Defendants are California residents who worked with foreign and domestic entities to produce and distribute counterfeit versions of the drug Cialis throughout the United States. (Id. at 3, 6-7, ¶¶ 6-9, 28.) To produce the counterfeit drugs, defendant John Gitmed provided pictures of Cialis tablets and packaging to suppliers who replicated Lilly's Cialis trademarks. (Id. at 7, ¶ 31.) Suppliers then shipped the goods into and within the United States to various addresses controlled by defendants, including the “California Confidence Company” (“CCC”). (Id. at 7, ¶ 32.) After receiving the shipments, defendants sold the counterfeit Cialis in person and by U.S. mail to customers who responded to their online advertisements. (Id. at 6, 8, ¶¶ 28, 34.) Plaintiff Lilly has not consented to, sponsored, endorsed, or approved defendant's improper use of its Cialis trademarks. (Id. at 10, ¶ 41.)

         On August 28, 2014, 2014, defendants were indicted by a grand jury in the Eastern District of California for conspiracy to traffic in counterfeit goods and commit mail fraud in violation of 18 U.S.C. § 371, and trafficking in counterfeit goods in violation of 18 U.S.C.§ 2320(a)(1). (Id. at 9, ¶ 37) (see Case No. No. 1:14-cr-00189-AWI-BAM (E.D. Cal.)). Defendant John Gitmed ultimately pled guilty to trafficking in counterfeit Cialis in violation of 18 U.S.C. § 2320(a). (Id.) As part of the plea agreement in his case, defendant John Gitmed admitted that he had knowingly used counterfeits of plaintiff s Cialis trademarks. (Id.)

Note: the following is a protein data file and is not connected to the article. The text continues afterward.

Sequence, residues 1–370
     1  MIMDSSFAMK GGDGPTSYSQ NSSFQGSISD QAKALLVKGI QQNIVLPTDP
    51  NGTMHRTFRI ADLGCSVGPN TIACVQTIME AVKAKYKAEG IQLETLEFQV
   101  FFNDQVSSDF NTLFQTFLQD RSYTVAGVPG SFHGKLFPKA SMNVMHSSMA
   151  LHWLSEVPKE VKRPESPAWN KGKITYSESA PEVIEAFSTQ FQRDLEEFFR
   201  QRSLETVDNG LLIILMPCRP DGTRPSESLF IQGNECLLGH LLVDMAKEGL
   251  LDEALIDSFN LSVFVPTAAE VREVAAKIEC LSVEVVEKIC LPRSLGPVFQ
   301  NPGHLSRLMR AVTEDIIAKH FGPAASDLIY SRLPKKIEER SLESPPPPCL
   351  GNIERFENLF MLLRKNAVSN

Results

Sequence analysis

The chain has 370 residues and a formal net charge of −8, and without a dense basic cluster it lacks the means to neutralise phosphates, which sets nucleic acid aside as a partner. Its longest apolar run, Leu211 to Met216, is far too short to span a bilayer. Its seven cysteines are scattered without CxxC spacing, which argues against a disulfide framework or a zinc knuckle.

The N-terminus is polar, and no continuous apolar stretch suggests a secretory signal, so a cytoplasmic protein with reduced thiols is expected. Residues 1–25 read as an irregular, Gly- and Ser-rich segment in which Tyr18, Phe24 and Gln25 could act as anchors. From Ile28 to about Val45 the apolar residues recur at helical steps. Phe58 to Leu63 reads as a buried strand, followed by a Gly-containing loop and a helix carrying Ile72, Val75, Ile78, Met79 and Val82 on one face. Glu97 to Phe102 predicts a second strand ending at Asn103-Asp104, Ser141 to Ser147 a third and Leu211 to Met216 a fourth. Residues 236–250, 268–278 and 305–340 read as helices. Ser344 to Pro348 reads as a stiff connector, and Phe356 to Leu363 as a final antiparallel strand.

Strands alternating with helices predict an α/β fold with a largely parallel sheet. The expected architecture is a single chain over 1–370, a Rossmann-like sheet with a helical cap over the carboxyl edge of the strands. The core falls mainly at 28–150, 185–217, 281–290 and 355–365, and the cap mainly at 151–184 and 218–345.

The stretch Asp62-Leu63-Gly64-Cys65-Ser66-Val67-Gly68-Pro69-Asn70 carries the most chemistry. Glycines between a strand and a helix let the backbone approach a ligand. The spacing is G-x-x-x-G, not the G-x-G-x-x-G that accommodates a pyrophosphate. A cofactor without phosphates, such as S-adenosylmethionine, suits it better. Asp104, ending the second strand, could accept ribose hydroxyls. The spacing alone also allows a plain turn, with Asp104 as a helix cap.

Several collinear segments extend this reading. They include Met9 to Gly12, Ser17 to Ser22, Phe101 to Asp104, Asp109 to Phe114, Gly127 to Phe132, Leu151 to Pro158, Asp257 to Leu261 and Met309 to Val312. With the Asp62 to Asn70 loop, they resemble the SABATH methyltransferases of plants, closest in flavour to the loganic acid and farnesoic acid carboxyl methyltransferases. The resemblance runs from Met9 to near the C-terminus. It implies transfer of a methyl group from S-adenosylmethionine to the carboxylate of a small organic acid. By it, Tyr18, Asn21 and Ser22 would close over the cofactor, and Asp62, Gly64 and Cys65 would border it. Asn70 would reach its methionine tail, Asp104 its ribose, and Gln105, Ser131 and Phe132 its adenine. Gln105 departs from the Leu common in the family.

Defendants' unlawful activity has resulted in harm to plaintiff by diminishing the value of Lilly's trademarks, interfering with its ability to exercise control over the quality and safety of its product, depriving it of its right to determine the manner in which its image is presented to the general public, and injuring its goodwill and business reputation. (Id. at 10, ¶ 45.) Unless defendants are enjoined from engaging in the infringing conduct described, plaintiff will suffer irreparable injury and further damage. (Id. at 10, ¶ 46.)

         On September 26, 2016, defendant John Gitmed filed the instant motion to dismiss plaintiffs complaint. (Doc. No. 35.) Plaintiff filed its opposition on October 28, 2016. (Doc. No. 37.) Defendant has not filed a reply.[2]